When we honestly ask ourselves which person in our lives mean the most to us, we often find that it is those who, instead of giving advice, solutions, or cures, have chosen rather to share our pain and touch our wounds with a warm and tender hand. The friend who can be silent with us in a moment of despair or confusion, who can stay with us in an hour of grief and bereavement, who can tolerate not knowing, not curing, not healing and face with us the reality of our powerlessness, that is a friend who cares.  – Henri Nouwen

When someone we know and care about loses someone they love, it’s hard to know what to do or say. Some will write a condolence letter, others will attend the funeral, and still others will send a sympathy gift. There are even those who will do all three. It is most common to send flowers as a sympathy gift to the family, and in recent years, to give a memorial donation to a specified charity. These are excellent ways to offer sympathy to a grieving friend. However, there are other options. Not all of them are items to purchase. If you are interested in a few non-traditional ways to support a grieving friend or family member, maybe these 10 out-of-the-box gifts will inspire you.

1. Photos the Family Doesn’t Have

If you possess any photos of the person who has died, you might consider making a copy and sharing it with the family. Not only will it be an image of someone dearly loved, but it will be a reminder that their family member is remembered and missed. If you have access to a lot of photos, you could even put together a thoughtful collage and send it to the family with a condolence card.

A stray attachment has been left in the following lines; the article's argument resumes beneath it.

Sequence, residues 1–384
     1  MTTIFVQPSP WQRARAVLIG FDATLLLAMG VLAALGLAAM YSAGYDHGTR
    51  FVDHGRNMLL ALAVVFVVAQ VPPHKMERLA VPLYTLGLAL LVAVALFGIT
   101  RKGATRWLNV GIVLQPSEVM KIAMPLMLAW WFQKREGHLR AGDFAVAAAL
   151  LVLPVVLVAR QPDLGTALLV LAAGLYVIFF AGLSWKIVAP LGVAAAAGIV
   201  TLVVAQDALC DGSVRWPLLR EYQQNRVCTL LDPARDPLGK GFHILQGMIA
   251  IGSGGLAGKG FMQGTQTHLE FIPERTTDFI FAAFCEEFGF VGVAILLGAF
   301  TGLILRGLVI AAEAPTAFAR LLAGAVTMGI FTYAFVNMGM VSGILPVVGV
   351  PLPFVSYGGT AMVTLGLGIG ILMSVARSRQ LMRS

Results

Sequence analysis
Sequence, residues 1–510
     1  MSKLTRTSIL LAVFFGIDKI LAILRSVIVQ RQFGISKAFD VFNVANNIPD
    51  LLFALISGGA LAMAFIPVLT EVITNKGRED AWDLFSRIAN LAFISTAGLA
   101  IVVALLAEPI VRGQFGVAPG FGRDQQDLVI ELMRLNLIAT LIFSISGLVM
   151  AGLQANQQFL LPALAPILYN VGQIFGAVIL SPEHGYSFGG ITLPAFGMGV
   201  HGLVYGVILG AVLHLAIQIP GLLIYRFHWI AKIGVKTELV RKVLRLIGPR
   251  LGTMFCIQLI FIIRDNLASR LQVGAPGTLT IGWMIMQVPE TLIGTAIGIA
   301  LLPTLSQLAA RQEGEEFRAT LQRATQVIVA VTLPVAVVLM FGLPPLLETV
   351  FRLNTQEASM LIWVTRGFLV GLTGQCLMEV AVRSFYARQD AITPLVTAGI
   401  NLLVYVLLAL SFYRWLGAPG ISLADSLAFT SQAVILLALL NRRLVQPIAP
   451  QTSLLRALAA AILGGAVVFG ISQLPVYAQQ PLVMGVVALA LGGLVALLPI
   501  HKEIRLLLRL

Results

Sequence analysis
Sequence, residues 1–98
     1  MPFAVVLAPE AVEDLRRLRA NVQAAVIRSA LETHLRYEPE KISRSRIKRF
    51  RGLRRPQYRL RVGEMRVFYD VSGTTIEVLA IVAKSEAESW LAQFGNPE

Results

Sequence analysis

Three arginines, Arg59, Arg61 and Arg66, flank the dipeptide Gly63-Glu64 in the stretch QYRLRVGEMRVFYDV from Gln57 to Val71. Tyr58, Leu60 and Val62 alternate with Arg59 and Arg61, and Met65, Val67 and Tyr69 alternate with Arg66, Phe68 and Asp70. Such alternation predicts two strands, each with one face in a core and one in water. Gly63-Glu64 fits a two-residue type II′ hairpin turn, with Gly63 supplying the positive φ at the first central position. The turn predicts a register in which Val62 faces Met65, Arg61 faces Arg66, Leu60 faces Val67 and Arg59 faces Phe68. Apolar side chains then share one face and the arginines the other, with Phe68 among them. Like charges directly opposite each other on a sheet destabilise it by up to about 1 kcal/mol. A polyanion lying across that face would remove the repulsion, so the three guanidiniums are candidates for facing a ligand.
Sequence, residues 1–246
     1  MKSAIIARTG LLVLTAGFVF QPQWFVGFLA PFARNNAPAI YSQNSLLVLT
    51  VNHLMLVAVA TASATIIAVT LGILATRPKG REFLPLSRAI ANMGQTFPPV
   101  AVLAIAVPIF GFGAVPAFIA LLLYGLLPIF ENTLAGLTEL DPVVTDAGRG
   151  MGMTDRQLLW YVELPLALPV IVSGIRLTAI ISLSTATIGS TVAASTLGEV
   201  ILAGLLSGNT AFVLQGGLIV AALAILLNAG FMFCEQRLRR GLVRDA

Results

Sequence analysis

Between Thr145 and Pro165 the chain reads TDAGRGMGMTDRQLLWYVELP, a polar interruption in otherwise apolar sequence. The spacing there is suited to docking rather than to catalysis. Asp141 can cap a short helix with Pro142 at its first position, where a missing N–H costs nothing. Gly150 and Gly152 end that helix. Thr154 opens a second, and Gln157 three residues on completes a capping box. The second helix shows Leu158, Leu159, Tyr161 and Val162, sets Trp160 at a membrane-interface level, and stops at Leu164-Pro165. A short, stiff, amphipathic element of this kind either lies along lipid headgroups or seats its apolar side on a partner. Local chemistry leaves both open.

2. Self-care Items

It’s important to take care of ourselves in times of grief and loss. When we lose someone, we may experience a wide range of emotions: shock, numbness, fear, sadness. Dr. Alan Wolfelt, respected grief expert and counselor, says, “Good self-care is important [when you’re grieving]. The ‘lethargy of grief’ you are probably experiencing is a natural mechanism intended to slow you down and encourage you to care for your body.” We must nurture and take care of ourselves in emotionally draining times, so self-care items are an appropriate sympathy gift: bubble bath, moisturizing lotion, perhaps gifting a manicure, pedicure, or massage.

3. House Cleaning/Lawn Care

If you’d like to help in a very practical sense, you can offer to clean house, mow the lawn, shop for groceries, or some other helpful task. In general, we all have a tendency to say, “Don’t worry; I’ll get to it,” but during times of grief, it takes an extra measure of energy to accomplish even the most routine tasks. They may say “no” because they don’t want to inconvenience you, but show them that you aren’t inconvenienced, that you sincerely want to help. Be firm and gracious in your reply. “Please, I want to do this for you. Is Wednesday at 2pm okay for you?”

4. Grief Journal or Sketchbook